In the World We Live in, the Economy Trumps the Ecology Every Time

Even though without an Ecology there is no Economy, we as a society treat the Economy as if it was more important. David Suzuki’s Legacy lecture in Perth explains this phenomenon in lucid terms.

Here are some key insights to take fromt the lecture:

  1. What is the intrinsic value of our ecological systems?
    In our economic system, nature does not have any value unless it can be commoditised. The service that our oceans, forests, mountains, rivers and other natural ecological systems provide is ineradicably linked for our survival in this planet. Yet under our current economic system, these ecological systems have no value in themselves. For example, in today’s and especially tomorrow’s world rich countries may “pay poorer ones not to cut down trees” and sell them for money.
  2. What grows indefinitely?
    Unfortunately, the answer to that appears to be the human population. Normally, when we talk about population growth we talk from a perspective of the last 50 years. For example, the picture below shows the population growth for the last 60 years and its projections for the next 40. However, there are two things that are misleading about the picture: one, it is in logarithmic scale and therefore the slope is not very insightful, and two, the total chart spans only 100 years, allowing for the slope to be even more gradual.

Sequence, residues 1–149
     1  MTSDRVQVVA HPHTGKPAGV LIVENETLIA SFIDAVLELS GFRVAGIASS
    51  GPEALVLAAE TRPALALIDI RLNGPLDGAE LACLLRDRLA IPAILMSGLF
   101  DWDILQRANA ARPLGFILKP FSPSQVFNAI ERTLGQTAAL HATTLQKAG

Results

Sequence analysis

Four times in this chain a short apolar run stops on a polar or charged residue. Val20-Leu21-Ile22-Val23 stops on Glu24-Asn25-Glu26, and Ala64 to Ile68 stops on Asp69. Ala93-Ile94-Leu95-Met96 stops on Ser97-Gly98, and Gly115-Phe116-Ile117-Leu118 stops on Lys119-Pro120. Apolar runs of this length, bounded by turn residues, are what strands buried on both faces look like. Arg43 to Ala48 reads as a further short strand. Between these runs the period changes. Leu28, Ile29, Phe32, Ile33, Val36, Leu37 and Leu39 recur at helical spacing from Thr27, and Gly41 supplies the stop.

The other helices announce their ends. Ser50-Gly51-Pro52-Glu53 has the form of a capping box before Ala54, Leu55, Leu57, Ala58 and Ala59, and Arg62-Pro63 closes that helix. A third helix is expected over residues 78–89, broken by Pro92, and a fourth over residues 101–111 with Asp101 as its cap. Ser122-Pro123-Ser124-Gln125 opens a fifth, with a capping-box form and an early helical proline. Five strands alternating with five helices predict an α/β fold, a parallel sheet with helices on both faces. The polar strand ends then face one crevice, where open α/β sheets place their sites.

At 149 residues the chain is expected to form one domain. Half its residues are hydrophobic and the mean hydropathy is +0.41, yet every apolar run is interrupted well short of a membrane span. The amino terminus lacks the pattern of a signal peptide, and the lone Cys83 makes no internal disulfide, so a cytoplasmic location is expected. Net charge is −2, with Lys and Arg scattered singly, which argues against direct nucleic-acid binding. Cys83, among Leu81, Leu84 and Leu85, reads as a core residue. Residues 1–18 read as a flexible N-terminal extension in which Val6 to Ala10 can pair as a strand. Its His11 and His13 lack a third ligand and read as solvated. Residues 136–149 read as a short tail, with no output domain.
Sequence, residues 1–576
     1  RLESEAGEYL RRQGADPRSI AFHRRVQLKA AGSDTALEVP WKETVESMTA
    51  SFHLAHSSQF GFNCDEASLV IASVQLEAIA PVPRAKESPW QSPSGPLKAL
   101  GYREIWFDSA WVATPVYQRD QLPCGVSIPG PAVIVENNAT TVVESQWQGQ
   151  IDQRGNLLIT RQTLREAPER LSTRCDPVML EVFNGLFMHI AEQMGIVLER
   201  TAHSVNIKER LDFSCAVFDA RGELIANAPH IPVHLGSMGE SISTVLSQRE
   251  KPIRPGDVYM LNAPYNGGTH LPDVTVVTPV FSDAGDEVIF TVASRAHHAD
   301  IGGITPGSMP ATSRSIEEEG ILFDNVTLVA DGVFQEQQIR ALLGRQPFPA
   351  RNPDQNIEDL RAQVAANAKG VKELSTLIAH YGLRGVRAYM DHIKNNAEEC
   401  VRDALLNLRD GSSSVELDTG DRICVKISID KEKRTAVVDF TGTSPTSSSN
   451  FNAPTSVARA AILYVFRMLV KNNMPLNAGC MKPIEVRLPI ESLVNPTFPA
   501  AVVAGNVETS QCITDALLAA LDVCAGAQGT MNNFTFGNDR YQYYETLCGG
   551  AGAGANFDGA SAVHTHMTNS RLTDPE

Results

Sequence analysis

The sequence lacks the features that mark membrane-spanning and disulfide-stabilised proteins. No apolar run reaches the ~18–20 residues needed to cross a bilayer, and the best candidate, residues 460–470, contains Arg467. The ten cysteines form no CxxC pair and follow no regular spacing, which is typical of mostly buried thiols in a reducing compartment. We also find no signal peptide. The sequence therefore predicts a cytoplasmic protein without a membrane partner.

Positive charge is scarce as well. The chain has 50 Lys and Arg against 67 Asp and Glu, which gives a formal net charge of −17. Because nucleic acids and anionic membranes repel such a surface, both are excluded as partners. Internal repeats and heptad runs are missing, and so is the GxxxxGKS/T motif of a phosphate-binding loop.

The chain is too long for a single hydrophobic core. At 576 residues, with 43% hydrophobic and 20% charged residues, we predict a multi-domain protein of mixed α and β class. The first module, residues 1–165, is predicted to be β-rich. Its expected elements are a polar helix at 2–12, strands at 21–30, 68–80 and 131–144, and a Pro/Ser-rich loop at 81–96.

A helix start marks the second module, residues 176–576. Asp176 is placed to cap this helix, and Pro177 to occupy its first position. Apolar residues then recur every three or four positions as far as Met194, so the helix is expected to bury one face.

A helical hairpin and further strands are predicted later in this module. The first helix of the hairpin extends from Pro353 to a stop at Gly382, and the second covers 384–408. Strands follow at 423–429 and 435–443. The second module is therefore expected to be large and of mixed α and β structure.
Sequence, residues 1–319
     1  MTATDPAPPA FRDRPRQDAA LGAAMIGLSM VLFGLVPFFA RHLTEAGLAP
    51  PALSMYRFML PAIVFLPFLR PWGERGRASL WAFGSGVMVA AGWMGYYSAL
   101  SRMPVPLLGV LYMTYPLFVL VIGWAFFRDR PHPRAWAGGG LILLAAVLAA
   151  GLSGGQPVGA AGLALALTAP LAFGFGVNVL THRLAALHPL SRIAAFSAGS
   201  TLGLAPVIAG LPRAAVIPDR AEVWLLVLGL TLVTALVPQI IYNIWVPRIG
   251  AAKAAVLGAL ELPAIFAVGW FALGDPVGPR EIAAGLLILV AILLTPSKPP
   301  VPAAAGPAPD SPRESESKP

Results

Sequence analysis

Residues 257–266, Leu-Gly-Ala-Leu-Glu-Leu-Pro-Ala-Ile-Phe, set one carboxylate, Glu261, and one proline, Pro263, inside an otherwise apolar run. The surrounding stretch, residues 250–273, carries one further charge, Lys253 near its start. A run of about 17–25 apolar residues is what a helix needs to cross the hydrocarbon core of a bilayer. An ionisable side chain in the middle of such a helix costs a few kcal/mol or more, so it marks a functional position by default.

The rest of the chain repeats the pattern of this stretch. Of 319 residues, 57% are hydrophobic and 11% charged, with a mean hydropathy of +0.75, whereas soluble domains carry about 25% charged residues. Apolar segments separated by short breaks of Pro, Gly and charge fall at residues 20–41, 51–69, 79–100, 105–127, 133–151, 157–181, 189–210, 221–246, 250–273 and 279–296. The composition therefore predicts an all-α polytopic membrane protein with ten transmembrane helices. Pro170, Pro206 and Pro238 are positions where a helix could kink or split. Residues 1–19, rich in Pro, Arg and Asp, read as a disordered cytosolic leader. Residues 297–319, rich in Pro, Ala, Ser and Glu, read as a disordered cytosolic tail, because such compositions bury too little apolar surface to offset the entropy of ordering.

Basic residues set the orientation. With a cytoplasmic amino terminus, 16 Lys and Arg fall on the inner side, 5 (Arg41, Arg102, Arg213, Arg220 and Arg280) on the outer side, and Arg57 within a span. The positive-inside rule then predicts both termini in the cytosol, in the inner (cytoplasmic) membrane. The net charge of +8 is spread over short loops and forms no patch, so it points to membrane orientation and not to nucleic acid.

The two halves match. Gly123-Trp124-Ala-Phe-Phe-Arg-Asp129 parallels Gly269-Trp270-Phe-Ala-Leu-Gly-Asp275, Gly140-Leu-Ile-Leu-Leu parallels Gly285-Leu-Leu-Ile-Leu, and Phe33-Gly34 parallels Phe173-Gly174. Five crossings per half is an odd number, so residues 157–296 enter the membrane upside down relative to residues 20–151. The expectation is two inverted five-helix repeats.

World Population Growth (in Millions) by Continent in Logarithmic ScaleWorld population (UN)

However, when you take away the logarithmic scale, and zoom out to a 12,000 year span the picture is much more indicative of what is really going on.

World Population Growth (in Billions)

After the lecture, there was one man that asked David what should he do with his life, how should he get out of the rat race. Our current society is telling him to be ambitious, to be successful, to provide for his family. However, what society is really telling him is that he has to earn lots of money and be responsible for managing many individuals or resources, and provide his family with a big house, a nice car, a nice phone and many other possessions.

What should he do?

David was wise not to answered that. At the end of the day, that question has to be answered independently by each of us.

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